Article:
Officials for a yacht race that goes through shipping lanes off the U.S.-Mexican coast said they had few explanations for the deadly crash of one competitor other than a collision with a freighter or tanker that did not see the smaller vessel at night.
Three bodies have been found and a fourth crew member remained missing Monday as the president of the U.S. Sailing Association said his group will appoint an independent panel to investigate.
“I’m horrified. I’ve done a lot of sailboat racing and I’ve hit logs in the water, and I’ve seen a man go overboard, but this takes the whole thing to a new level,” said Gary Jobson, the association’s president. “We need to take a step back and take a deep breath with what we’re doing. Something is going wrong here.”
The Coast Guard, Mexican navy and civilian vessels scoured the waters off the shore of both countries for the fourth sailor before suspending their search Sunday evening.
The Newport Ocean Sailing Association’s race goes through shipping lanes, and it’s possible for a large ship to hit a sailboat and not even know it, especially at night, said Rich Roberts, a spokesman for the race organizer. Two race participants who were in the area at the time the Aegean vanished told The Associated Press they saw or heard a freighter.
Eric Lamb, who has been patrolling the race for eight years as captain for a private company, saw the debris of the Aegean and found two bodies, badly scraped and bruised. The U.S. Coast Guard recovered a third body.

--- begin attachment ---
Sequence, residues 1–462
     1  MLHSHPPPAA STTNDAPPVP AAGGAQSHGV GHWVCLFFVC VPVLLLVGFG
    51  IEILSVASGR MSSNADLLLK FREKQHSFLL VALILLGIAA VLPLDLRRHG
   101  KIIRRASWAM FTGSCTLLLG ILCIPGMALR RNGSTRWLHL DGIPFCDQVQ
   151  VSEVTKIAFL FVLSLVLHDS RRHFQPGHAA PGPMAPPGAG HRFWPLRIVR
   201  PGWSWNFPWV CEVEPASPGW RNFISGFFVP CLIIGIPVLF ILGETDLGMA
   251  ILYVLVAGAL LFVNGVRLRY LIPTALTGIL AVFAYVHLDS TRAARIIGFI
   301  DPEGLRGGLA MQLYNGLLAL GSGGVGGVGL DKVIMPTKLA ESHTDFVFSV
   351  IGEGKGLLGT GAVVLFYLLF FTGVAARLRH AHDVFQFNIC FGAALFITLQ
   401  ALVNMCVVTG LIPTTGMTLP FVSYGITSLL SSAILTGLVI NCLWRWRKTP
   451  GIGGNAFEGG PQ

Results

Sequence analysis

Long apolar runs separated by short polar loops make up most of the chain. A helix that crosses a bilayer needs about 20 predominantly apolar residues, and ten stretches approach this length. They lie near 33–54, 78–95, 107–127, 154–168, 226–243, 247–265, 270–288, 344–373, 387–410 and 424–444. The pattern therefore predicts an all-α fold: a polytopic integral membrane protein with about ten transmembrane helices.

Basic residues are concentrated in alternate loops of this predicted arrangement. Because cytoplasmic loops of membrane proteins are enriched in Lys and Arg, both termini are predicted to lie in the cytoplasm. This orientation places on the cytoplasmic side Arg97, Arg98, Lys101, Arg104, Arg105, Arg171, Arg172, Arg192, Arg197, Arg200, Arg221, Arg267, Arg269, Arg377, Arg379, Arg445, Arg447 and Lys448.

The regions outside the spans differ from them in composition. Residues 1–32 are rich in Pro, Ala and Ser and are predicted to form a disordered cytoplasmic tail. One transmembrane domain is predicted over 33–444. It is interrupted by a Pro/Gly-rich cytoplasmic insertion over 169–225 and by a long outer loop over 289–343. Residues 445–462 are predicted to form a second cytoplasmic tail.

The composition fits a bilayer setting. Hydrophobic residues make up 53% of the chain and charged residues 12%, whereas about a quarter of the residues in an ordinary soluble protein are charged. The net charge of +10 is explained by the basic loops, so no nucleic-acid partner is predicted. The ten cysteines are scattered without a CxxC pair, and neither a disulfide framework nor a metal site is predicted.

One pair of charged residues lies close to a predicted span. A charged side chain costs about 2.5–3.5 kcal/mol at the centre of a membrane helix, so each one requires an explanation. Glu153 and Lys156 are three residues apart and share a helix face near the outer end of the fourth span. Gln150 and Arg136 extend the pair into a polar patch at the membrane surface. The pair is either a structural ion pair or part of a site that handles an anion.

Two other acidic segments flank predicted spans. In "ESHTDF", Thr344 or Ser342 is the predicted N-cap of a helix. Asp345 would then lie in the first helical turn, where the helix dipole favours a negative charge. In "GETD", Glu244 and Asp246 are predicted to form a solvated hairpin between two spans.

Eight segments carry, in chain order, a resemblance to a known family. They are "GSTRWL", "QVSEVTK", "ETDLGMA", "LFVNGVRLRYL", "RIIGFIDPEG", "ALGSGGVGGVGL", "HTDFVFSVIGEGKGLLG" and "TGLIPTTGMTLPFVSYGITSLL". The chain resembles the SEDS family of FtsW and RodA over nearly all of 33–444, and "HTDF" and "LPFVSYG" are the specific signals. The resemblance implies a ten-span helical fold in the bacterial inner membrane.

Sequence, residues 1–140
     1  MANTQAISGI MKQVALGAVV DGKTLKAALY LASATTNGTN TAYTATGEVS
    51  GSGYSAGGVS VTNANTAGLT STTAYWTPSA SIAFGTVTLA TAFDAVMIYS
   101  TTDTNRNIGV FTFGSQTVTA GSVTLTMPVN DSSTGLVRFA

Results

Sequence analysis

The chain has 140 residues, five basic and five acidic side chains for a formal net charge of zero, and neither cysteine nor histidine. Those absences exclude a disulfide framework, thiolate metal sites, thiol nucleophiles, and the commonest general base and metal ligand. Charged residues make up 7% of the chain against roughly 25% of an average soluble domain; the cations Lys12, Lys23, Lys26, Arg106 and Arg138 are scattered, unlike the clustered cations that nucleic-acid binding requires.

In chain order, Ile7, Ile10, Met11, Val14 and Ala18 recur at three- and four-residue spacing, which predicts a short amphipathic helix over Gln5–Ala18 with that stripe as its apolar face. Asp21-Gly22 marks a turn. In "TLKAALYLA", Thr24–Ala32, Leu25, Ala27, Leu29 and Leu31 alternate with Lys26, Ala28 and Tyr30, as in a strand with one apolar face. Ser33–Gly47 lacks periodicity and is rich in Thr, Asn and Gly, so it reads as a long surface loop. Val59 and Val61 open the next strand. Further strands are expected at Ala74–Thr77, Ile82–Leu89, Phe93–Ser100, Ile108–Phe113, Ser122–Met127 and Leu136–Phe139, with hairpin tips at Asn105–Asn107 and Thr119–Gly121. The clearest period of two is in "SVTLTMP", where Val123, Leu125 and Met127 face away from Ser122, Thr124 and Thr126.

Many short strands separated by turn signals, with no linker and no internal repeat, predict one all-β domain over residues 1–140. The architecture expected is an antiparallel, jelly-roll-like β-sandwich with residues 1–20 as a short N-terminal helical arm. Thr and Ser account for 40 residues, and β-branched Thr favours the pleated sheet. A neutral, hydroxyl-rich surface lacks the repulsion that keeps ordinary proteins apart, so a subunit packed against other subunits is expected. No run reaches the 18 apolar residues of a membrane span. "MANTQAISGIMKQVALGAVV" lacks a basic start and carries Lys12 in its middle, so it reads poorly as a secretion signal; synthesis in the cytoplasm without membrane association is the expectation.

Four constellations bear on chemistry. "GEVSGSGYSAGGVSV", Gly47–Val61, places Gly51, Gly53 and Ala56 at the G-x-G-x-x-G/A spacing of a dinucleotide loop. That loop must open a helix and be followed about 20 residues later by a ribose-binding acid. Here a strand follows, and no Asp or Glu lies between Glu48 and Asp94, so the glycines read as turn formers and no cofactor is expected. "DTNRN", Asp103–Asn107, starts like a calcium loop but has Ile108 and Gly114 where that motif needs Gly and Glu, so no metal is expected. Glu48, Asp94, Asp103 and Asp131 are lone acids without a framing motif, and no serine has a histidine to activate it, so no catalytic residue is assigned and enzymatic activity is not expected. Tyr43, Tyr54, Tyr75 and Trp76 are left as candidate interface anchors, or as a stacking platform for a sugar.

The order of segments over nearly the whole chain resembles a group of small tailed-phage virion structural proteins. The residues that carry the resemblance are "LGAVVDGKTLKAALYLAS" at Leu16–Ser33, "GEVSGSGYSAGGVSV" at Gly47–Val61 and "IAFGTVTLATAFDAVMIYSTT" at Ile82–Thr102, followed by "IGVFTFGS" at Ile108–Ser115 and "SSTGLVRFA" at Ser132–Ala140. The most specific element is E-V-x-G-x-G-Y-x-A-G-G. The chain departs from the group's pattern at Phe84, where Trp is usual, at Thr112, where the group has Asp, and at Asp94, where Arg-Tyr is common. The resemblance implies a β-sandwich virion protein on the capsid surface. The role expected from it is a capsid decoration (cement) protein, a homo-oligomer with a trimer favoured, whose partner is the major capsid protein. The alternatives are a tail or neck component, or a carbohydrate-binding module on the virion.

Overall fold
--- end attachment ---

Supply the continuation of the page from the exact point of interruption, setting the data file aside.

“It was real obvious it had been hit just because the debris was so small,” Lamb said Sunday.
Chuck Iverson, commodore of the sailing association, said the collision was a “fluke,” noting how common night races are along Mexico’s Baja California coast.
Skies were clear and winds were light when the boat went missing on the course from Newport Beach, Calif., to Ensenada. Mexico.
A GPS race tracking system indicated the Aegean disappeared about 1:30 a.m. local time Saturday, Roberts said. Race organizers weren’t closely monitoring the race at that hour, but a disappearing signal is no cause for alarm because receivers occasionally suffer glitches, he said.
“Somebody may have thought the thing was broken,” Roberts said.
Officials have not determined the cause of the accident, and would not speculate on what ship, if any, might have collided with the sailboat.
The episode immediately sparked a debate over safety of ocean races.
“Quite honestly, I’m amazed it hasn’t happened before,” said Lamb. “You get 200 boats out there, they lose their way, and they’re just bobbing around.”
The deaths are the first fatalities in the race’s 65 years. The race attracted 675 boats at its peak in 1983 before falling on hard times several years ago amid fears of Mexico’s drug-fueled violence.
Participation has picked up recently, reaching 213 boats this year.
Two of the dead were William Reed Johnson Jr., 57, of California, and Joseph Lester Stewart, 64, of Florida. The San Diego County Medical Examiner’s office was withholding the name of the third sailor pending notification of relatives.
The deaths come two weeks after five sailors died in the waters off Northern California when their yacht was hit by powerful waves, smashed into rocks and capsized during a race. Three sailors survived the wreck and the body of another was quickly recovered. Four remained missing until one body was recovered Thursday.
(Contributing AP reporters are Christopher Weber and Daisy Nguyen in Los Angeles, Bernie Wilson in San Diego, and Jason Dearen in San Francisco.)
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